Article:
WASHINGTON -- In a young season that has often been a highlight show of the NHL's wealth of young talent, Columbus Blue Jackets rookie defenseman Zach Werenski has been flying under the radar.
No doubt you've heard about Auston Matthews' four-goal debut with the Toronto Maple Leafs, or Patrik Laine's hat tricks with the Winnipeg Jets, Connor McDavid's blazing speed and quick hands for the up-and-coming Edmonton Oilers, Mitchell Marner getting Maple Leafs fans out of their seats by deking out Florida Panthers goalie James Reimer, and Jimmy Vesey's impressive start with the New York Rangers.
But Werenski has quietly gone about his business in helping the Blue Jackets put last season's nightmare behind them with a 10-4-2 start. The 19-year-old got his ninth assist in a 3-2 win against the Washington Capitals at Verizon Center on Sunday.
"I think that's one of our bigger wins as of late, especially on the road," Werenski said. "That's a big road win for us. It's always good when you came come into somebody else's building and get two points, especially in your own division."
After going 34-40-8 and finishing 27th in the League standings last season, the Blue Jackets have been one of the NHL's biggest surprises. They have won four in a row and are 8-1-1 in their past 10 games. That includes two wins against the Capitals and a victory against the Metropolitan Division-leading New York Rangers in the past six days.
"It's fun to be a part of a winning team," Werenski said. "The locker room has been great. The mood has been pretty good."
Video: WSH@CBJ: Werenski beats Grubauer to even game in 3rd
Werenski has been a big part of that. Through his first 16 games, he has 14 points. That puts him one point behind Shea Weber of the Montreal Canadiens for the NHL lead among defensemen.
Among rookies, he is four points back of Laine, who has 12 goals and six assists, for the League lead.
"He's a difference maker without a doubt," Blue Jackets center Brandon Dubinsky said. "Sometimes it looks like he's casual, but he's just so smooth. He's poised with the puck. He just looks like a seasoned vet out there. His confidence is sky high and I don't think you're ever going to change that just because of his temperament, the way he is. He's quiet, reserved, confident and, obviously, a [heck] of a hockey player."
Against the Capitals on Sunday, Werenski played a game-high 24:08, had two shots on goal and blocked two shots, which is always important on a John Tortorella-coached team. Tortorella clearly trusts him.
Werenski ranks second on the Blue Jackets behind the injured Seth Jones in averaging 22:09 in ice time per game.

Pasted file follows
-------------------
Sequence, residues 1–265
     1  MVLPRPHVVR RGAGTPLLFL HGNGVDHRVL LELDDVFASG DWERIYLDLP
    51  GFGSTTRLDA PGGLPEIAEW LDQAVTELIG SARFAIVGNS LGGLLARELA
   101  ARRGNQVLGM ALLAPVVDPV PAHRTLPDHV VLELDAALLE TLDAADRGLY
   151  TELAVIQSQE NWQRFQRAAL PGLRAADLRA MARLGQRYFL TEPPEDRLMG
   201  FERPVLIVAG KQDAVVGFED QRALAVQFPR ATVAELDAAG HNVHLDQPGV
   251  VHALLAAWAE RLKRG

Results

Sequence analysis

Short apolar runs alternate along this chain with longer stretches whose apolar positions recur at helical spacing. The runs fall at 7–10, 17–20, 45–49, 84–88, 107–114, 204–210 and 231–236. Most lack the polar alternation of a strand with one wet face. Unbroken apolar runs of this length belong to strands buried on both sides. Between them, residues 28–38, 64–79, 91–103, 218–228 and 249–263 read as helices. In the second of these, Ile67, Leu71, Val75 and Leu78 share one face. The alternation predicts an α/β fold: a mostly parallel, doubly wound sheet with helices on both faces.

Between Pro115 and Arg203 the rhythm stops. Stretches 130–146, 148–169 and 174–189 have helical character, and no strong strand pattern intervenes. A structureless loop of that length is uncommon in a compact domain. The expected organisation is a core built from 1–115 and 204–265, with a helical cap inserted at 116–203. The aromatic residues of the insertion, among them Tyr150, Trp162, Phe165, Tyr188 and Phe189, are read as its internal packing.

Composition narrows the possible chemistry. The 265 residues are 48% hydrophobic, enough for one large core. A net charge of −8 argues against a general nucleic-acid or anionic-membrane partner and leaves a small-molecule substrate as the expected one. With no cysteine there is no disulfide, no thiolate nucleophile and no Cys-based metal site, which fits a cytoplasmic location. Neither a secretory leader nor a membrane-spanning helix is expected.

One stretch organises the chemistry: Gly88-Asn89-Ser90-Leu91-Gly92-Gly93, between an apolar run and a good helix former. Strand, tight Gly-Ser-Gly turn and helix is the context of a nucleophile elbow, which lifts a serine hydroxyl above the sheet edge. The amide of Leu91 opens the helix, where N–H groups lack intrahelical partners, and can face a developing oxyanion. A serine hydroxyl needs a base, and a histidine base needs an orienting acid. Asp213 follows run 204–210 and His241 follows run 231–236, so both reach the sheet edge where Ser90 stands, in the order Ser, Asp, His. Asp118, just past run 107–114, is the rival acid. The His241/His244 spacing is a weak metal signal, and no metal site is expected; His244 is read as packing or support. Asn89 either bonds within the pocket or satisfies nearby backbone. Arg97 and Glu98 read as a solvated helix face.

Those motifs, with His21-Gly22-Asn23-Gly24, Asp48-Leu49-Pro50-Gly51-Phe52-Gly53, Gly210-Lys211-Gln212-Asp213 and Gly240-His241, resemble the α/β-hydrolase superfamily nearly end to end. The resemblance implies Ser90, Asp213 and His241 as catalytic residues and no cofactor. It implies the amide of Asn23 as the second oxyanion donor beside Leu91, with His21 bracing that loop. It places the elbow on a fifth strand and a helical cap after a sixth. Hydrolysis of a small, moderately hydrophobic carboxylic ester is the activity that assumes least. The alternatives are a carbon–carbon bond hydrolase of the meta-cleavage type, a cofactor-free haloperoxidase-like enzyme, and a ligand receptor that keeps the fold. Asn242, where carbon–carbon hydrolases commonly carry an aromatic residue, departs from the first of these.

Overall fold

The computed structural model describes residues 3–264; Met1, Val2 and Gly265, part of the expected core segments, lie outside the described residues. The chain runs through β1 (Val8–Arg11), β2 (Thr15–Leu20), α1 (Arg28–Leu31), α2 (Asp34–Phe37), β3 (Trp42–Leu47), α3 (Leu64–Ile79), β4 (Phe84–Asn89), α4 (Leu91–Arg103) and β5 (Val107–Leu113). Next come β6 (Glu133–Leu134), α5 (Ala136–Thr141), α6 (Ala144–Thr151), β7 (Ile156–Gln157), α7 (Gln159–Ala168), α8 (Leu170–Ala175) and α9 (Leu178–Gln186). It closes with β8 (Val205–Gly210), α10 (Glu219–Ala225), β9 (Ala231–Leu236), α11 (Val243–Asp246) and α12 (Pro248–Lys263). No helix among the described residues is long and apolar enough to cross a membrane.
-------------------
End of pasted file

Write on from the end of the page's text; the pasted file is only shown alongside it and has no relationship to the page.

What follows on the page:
"The thing that has impressed me the most about him is he's a bit unflappable," Tortorella said. "He's made a couple of huge mistakes in a game and he comes to the bench, shakes it off and then goes out and makes a great play. For a 19-year-old playing that position and the amount of time he's getting in key situations with this organization, it's pretty impressive."
When the Blue Jackets went on the power play with 1:34 remaining in a game tied 2-2 on Sunday, Tortorella sent out Werenski as the lone defenseman with four forwards for the man-advantage. When the puck squirted back to Werenski at the left point, he quickly sent it across to Sam Gagner at the other point. Gagner then fed Nick Foligno, who set up Alexander Wennberg for the winning goal with 53.6 seconds left.
Video: CBJ@WSH: Wennberg finishes pretty passing play in 3rd
Werenski, who assisted on Foligno's power-play goal in the second period, has three goals and four assists on the power play this season. Although he didn't get an assist on Wennberg's game-winner, he played a key role and has helped transform the Blue Jackets power play; they lead the NHL with a 31.8 percent success rate after ranking 21st in the League at 17.3 percent last season.
"You have to give him a lot of credit for how our power play has improved here, the way he runs it," Blue Jackets general manager Jarmo Kekalainen said. "I've always been a big believer that unless you have a really good quarterback on the blue line, it's hard to have a real good power play and he's been very good so far on the blue line and I think that's a big factor in helping our power play."
This is what Kekalainen was hoping for when he selected Werenski with the eighth pick at the 2015 NHL Draft. Kekalainen tried to trade up in the first round, but felt good about getting Werenski, who headed back to the University of Michigan for another season before turning pro last spring.
"There's always a price to moving up and the price for us, believing we were going to get the guy at 8 that we liked a lot, wasn't worth moving up," Kekalainen said. "So sometimes the best deals are the ones you don't make."
The Werenski pick went unheralded that draft day with McDavid going first to the Oilers and Jack Eichel being selected second by the Buffalo Sabres. The Maple Leafs' selection of Marner at No. 4 also got more attention, but if that sets a trend for Werenski's career, he's fine with that.
Video: STL@CBJ: Werenski smokes a power-play goal in the 3rd
"I don't really mind it," he said. "I feel like I can just go out there and play my game and not really think about that stuff."
In fact, Werenski said he is "rooting for" all the League's young players to do well.
"I know a lot of the guys from playing with and playing against them," he said. "I'm rooting for them to do really well. It's fun to keep tabs on them and see how they're doing. It's cool to see."
Kekalainen doesn't mind Werenski getting overshadowed by the bigger name young players either.
"That's great," Kekalainen said. "He's played a lot, he's playing with big responsibility, and he's a big part of the success of our power play. If he's flying under the radar, for me and for a young guy, that's perfect."